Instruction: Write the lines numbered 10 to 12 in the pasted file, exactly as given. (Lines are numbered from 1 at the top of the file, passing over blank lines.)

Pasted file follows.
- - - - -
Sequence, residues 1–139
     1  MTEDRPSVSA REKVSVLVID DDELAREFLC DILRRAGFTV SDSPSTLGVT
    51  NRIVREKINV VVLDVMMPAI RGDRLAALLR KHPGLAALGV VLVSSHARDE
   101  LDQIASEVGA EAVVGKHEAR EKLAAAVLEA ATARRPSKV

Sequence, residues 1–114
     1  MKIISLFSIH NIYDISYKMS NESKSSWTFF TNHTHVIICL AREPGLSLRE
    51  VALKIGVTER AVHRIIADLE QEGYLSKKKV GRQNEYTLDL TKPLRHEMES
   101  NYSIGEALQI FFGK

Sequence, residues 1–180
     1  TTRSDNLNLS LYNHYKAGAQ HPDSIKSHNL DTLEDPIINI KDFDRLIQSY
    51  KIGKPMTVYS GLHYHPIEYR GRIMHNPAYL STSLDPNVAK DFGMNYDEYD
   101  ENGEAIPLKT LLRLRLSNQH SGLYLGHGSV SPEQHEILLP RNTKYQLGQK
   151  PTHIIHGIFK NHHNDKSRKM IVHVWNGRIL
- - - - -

     1  TTRSDNLNLS LYNHYKAGAQ HPDSIKSHNL DTLEDPIINI KDFDRLIQSY
    51  KIGKPMTVYS GLHYHPIEYR GRIMHNPAYL STSLDPNVAK DFGMNYDEYD
   101  ENGEAIPLKT LLRLRLSNQH SGLYLGHGSV SPEQHEILLP RNTKYQLGQK